Cisco believes that the risky behavior in developing markets can be traced to the fact that workers in those countries are new to the information age, according to Marie Hattar, Cisco's vice president of network and security solutions. She said these workers didn't experience some of the big malware scares five or six years ago. "So they don't recognize or realize the risks associated with this [behavior] in terms of how they expose this information," she said.
Companies that do business overseas should focus on training potential employees about security policy, said Michael Hall, CISO at DriveSavers Data Recovery Inc. in Novato, Calif. They should also examine the integrity of the network infrastructure of potential international partners, he said.
"Look at how they approach security and how they are disseminating that information [about security polices] to employees," Hall said. "If it's a standard ongoing practice for them or if it exists at all. If I were doing business internationally at all, I'd want to vet the company before I opened up a relationship with them, particularly on the hardware handshaking side of things."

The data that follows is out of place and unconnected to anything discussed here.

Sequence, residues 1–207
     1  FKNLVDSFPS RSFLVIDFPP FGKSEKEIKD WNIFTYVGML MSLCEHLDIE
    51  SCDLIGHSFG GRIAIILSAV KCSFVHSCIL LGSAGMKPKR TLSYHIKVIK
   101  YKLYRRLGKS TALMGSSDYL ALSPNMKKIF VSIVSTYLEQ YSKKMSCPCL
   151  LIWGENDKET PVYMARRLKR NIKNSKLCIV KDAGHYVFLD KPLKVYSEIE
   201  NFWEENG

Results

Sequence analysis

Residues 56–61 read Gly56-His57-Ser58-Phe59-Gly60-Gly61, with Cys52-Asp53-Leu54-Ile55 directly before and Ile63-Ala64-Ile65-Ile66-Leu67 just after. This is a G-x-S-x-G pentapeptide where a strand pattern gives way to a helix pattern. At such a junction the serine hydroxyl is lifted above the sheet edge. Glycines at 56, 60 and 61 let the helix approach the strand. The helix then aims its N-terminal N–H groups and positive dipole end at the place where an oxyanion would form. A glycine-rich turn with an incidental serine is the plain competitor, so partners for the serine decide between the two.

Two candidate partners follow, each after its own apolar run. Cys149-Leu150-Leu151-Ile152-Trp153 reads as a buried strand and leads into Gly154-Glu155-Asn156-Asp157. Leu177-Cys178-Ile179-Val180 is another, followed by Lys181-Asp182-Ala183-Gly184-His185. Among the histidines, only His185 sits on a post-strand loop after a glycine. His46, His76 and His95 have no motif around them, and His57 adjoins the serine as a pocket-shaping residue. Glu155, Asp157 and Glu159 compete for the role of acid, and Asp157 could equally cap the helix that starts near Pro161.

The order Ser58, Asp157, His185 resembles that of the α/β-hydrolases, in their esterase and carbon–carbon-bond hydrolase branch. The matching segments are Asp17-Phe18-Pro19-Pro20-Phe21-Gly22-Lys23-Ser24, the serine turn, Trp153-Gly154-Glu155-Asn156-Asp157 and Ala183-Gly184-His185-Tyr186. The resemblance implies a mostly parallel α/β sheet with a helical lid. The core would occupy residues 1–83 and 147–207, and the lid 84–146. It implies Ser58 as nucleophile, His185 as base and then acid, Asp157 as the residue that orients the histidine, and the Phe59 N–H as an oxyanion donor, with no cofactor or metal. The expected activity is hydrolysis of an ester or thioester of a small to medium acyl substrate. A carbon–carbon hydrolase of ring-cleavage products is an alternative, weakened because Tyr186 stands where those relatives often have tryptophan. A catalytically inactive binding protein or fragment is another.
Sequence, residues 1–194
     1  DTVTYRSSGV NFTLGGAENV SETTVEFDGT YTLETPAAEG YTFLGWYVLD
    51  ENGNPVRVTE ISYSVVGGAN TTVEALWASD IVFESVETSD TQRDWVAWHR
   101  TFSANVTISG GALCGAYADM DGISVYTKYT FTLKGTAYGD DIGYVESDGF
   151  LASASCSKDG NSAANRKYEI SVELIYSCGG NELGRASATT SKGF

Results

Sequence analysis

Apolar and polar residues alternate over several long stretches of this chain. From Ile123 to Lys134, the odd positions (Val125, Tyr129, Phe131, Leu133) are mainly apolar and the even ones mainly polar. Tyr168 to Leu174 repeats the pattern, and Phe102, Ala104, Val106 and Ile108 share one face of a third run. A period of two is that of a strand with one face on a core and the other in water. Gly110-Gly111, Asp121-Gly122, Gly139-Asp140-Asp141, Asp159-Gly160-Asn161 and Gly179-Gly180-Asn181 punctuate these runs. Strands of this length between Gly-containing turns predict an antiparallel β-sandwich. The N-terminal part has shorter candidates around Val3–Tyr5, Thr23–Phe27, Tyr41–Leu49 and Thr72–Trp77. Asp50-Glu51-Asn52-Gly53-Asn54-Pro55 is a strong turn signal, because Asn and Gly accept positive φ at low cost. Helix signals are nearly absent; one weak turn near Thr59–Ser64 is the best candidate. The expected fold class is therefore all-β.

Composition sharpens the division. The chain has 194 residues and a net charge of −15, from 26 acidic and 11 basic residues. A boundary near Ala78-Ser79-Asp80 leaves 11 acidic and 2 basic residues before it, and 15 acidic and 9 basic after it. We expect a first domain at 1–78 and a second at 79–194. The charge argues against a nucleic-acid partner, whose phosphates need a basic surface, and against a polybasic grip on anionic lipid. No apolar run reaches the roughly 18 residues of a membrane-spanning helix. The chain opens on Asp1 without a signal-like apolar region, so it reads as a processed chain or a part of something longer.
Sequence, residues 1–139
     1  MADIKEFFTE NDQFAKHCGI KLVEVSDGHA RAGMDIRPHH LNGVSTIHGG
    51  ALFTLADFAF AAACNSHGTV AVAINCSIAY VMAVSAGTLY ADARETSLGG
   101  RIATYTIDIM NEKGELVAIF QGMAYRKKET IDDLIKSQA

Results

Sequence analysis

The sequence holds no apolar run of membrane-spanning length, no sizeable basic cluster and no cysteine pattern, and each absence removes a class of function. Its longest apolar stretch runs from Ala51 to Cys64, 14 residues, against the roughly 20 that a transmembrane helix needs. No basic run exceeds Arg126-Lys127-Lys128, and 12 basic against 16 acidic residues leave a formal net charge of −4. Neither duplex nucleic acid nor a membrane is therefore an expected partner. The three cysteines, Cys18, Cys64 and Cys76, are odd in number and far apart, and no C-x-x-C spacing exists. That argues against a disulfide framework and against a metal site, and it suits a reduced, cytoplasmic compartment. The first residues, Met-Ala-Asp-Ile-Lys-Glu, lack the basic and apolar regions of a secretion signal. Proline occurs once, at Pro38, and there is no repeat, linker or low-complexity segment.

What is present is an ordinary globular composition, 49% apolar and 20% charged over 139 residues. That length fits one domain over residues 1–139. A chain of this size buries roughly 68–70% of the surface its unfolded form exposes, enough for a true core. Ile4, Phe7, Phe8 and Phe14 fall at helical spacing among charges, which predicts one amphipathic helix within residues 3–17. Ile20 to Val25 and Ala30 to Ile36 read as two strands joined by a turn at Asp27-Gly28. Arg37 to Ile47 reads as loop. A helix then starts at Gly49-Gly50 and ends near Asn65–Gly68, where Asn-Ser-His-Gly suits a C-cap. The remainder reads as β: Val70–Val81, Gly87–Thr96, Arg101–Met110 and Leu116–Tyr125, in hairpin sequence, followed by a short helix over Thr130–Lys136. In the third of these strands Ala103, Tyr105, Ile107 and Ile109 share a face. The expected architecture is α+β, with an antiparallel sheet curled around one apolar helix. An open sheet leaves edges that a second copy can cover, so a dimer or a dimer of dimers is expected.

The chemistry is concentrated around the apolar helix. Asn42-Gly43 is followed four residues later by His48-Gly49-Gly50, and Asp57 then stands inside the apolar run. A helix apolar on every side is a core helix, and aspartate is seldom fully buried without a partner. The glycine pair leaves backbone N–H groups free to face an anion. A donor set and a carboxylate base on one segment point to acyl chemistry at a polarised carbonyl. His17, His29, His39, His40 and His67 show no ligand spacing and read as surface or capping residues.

Although the survey serves as a warning about end users in developing markets, there is still plenty of room for improvement in the United States and other established markets. For instance, 54% of IT decision makers in the U.S. say they believe employees are using non IT-approved applications on company-issued computers. And 39% of U.S. employees who were surveyed said they allow other people to use their corporate laptops and mobile devices without supervision.
This challenge in the United States and other established markets will only intensify as a new generation of people who are used to collaborating online and sharing information on sites like Twitter and Facebook join the workforce, according to Nasrin Rezai, Cisco's senior director of information security
"The Generation Y that's coming to Cisco -- their mind-set is they grew up with all these social technologies and basically it's almost completely acceptable that you share all kinds of information," Rezai said. She said IT must find a way to instill good security practices in this new generation of workers.